Family Macropodid.^. 

The following values for Kangaroos are taken from price lists. 
I have been told by an Australian correspondent that during the 
last few years the value of Kangaroos has very much increased, 
but so far I have not observed any indication of this in European 
sales : — 

Macropus giganteus, Great Grey Kangaroo. — £12 10s. to £30 

M. giganteus melanops, Black-faced Kangaroo. — £20 each 

M. antilopinus, Antilopine Kangaroo. — £40 each (twice). 

M. robustus, Wallaroo. — £7 10s. to £15 each. 

M. robustus cervinus, Cervine Kangaroo. — £20 to £35 each. 

M. rufus, Eed Kangaroo. — £10 to £25 each. 

M. ualabatus, Black-tailed Wallaby. — £7 10s. each (once). 

M. ruficollis bennetti, Bennett's Wallaby. — £5 to £8 15s. each. 

M. dorsalis, Black-striped Wallaby. — £2 10s. to £5 each. 

M. agilis, Agile Wallaby. — £5 to £7 10s. each. 

M. eugenii, Dama Wallaby. — £10 asked for a female (once). 

M. billardieri, Bed-bellied Wallaby. — £5 to £9 each. 

Petrogale penicillata, Brush-tailed Bock- Wallaby. — £4 to 
£7 10s. each. 

Onychogale unguifera, Nail-tailed Wallaby. — £5 asked for a 
male (once). 

O.frenata, Bridled Wallaby. — £3 to £10 each. 

Bettongia gaimardi, Gaimard's Bat-Kangaroo. — £1 (once). 

B. lesueuri, Lesueur's Bat-Kangaroo. — £2 (once). 

Potorous tridactylus, Common Bat-Kangaroo. — £1 (once). 

Family Phalangerid^j. 
The more commonly imported species of Australian Opossums, 
or Phalangers, of the genera Trichosurus and Petaurus, are gene- 
rally worth from £1 to £1 10s. apiece in Europe. £3 15s. is the 
highest sum I have seen asked for one of these animals. 

Family Phascolomyid^. 
The Wombat.— £10 (twice). 

Family Peramelidze. 
Perameles obesula, Short-nosed Bandicoot. — £2 each (once). 

2 a 2 


Family Echidnid^. 
Echidna hystrix, Echidna. — £4 (once).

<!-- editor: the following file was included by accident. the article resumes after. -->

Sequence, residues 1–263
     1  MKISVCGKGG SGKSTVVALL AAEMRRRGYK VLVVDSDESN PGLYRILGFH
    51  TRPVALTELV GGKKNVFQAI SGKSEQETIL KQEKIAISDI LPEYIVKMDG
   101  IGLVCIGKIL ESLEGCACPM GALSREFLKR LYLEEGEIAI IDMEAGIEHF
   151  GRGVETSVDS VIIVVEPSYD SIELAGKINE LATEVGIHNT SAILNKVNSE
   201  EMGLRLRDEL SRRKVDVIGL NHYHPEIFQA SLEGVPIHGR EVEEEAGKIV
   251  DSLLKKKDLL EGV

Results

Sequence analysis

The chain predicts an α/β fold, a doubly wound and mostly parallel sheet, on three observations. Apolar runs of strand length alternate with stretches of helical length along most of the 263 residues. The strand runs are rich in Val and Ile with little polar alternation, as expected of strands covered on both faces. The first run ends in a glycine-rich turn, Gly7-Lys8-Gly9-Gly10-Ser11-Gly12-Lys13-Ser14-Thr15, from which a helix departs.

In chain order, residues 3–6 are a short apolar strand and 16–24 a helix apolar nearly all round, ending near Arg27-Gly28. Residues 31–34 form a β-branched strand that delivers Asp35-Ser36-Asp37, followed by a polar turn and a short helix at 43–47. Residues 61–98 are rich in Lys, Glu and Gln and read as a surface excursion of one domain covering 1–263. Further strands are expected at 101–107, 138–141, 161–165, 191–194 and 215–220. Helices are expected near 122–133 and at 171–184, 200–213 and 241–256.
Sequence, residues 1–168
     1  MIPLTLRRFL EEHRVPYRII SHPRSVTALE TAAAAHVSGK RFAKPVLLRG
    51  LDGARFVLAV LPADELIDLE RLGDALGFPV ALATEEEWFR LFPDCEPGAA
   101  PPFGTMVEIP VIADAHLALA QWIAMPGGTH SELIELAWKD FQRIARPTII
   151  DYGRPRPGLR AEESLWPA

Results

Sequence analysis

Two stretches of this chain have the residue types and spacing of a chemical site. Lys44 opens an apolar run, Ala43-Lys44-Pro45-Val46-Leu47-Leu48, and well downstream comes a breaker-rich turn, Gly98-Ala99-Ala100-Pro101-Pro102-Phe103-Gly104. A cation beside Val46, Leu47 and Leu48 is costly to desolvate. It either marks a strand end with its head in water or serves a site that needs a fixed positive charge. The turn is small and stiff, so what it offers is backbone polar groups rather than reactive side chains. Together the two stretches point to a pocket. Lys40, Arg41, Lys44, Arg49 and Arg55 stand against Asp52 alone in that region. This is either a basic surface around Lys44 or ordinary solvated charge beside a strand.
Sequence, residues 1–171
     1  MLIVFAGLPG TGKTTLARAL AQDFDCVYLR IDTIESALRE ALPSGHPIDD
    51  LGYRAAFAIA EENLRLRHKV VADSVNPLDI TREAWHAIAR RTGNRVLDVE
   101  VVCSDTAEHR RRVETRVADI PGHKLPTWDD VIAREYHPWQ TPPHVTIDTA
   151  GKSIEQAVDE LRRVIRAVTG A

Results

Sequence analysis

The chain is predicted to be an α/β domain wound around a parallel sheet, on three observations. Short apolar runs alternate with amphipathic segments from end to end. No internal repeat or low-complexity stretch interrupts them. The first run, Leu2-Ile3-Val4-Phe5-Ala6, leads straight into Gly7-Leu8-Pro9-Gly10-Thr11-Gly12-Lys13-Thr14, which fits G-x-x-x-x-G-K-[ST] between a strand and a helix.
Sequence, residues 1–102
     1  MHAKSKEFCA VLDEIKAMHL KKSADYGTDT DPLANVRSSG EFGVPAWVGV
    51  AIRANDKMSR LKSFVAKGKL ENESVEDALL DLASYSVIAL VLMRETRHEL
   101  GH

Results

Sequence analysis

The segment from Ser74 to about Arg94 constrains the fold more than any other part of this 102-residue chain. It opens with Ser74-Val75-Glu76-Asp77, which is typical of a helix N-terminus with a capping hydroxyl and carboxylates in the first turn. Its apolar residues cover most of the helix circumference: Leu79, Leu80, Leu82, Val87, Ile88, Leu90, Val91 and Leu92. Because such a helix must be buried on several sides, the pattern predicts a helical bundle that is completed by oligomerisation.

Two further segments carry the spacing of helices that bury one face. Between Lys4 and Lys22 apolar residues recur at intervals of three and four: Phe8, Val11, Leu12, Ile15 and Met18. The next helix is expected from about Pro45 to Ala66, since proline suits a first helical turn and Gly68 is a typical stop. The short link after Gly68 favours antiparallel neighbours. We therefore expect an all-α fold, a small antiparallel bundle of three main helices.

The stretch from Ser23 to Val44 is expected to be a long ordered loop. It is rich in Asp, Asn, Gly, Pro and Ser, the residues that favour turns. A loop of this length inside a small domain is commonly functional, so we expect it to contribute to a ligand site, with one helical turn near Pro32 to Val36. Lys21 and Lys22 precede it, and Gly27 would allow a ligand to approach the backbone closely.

Class AVES. 


The vast majority of the species of Passerine birds that 

come into the market show little variety of price : usually from 

five shillings to £2 per bird : ranging down to one shilling, and 

up to £2 10s. Very showy birds,, such as members of the 

families Paradiseidce and Cotingidcs, of course command much 

higher prices : as do newly imported species of other families, if 

there happens to be airy competition among amateurs to secure 



Of the very varied assortment of birds retained for convenience 
in this Order, there are but few species that can often be obtained 
from dealers. The delightful African Mouse-birds or Colies, 
Colius, cost about £2 each. The Australian Laughing King- 
fishers, Dacelo, from £1 to £2. The African Ground-Hornbills, 
Bucorvus, from £5 to £10. The handsome Toco Toucan, Rham- 
phastos toco, £4: to £4 10s. ; the smaller Toucans from £1 10s. to 
£3. The Touracous, Turacus and Schizorhis, £4 to £5. 

Generally speaking, Parrots, as birds (and apart from any 
tricks of speech that they may have acquired), are worth from 
£1 to £3 each. Except : on the one hand certain species for 
which higher prices must always be given, as, for instance, the 
Ganga Cockatoo, Ccdlocephalon, £3 10s. to £5, and the larger 
Macaws, Ara and Anodorhynchus, £3 to £12. As is well known,